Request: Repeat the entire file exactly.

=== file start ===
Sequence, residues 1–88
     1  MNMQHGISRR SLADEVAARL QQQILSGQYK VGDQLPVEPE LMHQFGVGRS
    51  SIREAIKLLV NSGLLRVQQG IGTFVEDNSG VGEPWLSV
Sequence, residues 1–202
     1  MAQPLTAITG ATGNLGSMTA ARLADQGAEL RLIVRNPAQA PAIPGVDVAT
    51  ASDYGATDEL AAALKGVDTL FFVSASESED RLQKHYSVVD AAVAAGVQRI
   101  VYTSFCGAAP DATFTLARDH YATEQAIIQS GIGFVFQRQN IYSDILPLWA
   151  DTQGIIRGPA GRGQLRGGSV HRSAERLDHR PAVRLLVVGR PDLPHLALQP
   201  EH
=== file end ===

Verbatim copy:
Sequence, residues 1–88
     1  MNMQHGISRR SLADEVAARL QQQILSGQYK VGDQLPVEPE LMHQFGVGRS
    51  SIREAIKLLV NSGLLRVQQG IGTFVEDNSG VGEPWLSV
Sequence, residues 1–202
     1  MAQPLTAITG ATGNLGSMTA ARLADQGAEL RLIVRNPAQA PAIPGVDVAT
    51  ASDYGATDEL AAALKGVDTL FFVSASESED RLQKHYSVVD AAVAAGVQRI
   101  VYTSFCGAAP DATFTLARDH YATEQAIIQS GIGFVFQRQN IYSDILPLWA
   151  DTQGIIRGPA GRGQLRGGSV HRSAERLDHR PAVRLLVVGR PDLPHLALQP
   201  EH